Until the middle of the 19th Century, control of the land was the key to power and wealth. This sometimes provocative book outlines the tax-gathering skills of the Anglo-Saxon Earldomen, the futility of 'Danegeld', the ability of William the Conqueror's men to slaughter those Saxons and forcibly 'take title to the whole realm'. The way the Church amassed land on the flimsy promise of a better life in any hereafter is noted. Henry VII, needing money and divorces, called the monastic bluff by nationalising four million acres of England, selling or giving away two thirds of this to his Chums. After Civil War, a Cambridge squire, Oliver Cromwell, took control of English land and confiscated a lot of it - most of which was given back when the country reverted to a monarchy, controlled by the landowners. Charles II generously gave land to ladies who took up the right position and several of their heirs survive to this day with titles and estates. The book describes how ownership of England became concentrated in very few, very wealthy, families in the 18th and 19th centuries.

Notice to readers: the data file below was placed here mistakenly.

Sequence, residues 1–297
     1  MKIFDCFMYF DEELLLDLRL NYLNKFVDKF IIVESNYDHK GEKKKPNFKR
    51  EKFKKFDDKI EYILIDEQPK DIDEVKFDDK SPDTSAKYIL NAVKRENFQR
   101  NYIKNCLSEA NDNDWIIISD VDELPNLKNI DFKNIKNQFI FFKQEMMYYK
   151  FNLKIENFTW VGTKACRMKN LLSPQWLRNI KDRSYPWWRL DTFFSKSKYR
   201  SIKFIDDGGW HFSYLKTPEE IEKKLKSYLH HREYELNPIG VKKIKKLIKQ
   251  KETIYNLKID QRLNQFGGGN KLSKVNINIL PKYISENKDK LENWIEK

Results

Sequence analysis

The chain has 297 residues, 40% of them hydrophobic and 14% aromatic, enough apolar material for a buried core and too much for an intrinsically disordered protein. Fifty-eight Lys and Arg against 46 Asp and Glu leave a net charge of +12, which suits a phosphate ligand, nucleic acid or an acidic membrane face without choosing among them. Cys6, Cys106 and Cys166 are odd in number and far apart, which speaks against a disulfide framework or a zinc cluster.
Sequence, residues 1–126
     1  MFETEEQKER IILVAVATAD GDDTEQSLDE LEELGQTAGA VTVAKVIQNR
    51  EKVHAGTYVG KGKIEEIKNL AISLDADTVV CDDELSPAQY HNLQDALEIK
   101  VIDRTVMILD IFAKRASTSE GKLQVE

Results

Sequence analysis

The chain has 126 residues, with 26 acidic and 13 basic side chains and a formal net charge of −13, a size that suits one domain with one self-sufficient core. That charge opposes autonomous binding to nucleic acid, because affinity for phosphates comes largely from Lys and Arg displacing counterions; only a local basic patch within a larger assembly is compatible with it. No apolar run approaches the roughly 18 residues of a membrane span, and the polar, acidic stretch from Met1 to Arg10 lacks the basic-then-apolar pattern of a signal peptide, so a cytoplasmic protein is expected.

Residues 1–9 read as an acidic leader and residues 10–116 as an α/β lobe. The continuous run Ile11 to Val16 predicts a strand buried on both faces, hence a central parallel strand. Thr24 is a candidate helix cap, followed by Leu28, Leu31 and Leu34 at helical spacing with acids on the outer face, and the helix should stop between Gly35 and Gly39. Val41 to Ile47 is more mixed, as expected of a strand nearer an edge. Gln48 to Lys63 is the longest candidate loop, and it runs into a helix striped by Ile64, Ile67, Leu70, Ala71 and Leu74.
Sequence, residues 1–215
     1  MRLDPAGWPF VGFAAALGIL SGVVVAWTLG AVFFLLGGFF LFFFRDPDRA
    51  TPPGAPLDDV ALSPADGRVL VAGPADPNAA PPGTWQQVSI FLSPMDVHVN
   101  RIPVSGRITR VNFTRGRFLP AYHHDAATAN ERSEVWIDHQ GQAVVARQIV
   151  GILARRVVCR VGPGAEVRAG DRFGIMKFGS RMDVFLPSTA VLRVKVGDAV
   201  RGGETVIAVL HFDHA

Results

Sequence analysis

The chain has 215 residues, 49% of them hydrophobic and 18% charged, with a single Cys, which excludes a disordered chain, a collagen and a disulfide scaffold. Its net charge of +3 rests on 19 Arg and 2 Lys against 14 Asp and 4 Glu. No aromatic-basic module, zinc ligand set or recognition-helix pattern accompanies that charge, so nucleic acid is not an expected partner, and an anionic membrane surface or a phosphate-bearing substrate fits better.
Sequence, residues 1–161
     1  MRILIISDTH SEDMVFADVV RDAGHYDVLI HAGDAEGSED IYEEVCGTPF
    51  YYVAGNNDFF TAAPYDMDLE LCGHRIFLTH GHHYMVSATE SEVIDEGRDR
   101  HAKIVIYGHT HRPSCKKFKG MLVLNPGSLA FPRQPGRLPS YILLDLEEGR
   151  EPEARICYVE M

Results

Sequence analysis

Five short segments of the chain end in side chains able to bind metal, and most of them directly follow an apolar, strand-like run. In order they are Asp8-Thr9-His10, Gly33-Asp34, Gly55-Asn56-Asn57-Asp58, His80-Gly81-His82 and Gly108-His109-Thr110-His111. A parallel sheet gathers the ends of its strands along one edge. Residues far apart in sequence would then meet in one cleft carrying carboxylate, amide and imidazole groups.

This did not fit the spirit of the age at the beginning of 20th century and Lloyd George declared financial war on the dukes and earls to finance the beginning of the welfare state. The shift to present-day owner-occupation of agricultural England is described, along with a note on who now owns the land and exactly what food we produce. The author takes a careful look at two landowning charities, the National Trust and the RSPB. The book ends with a blast against bureaucracy, strong doubts about the EU/CAP, and some positive pointers to policies which might help us all survive, reasonably well fed, in England's green and pleasant land. With a foreword by Duke of Northumberland, this is essential reading for farmers, landowners and everyone interested in the past, present and future of English land.show more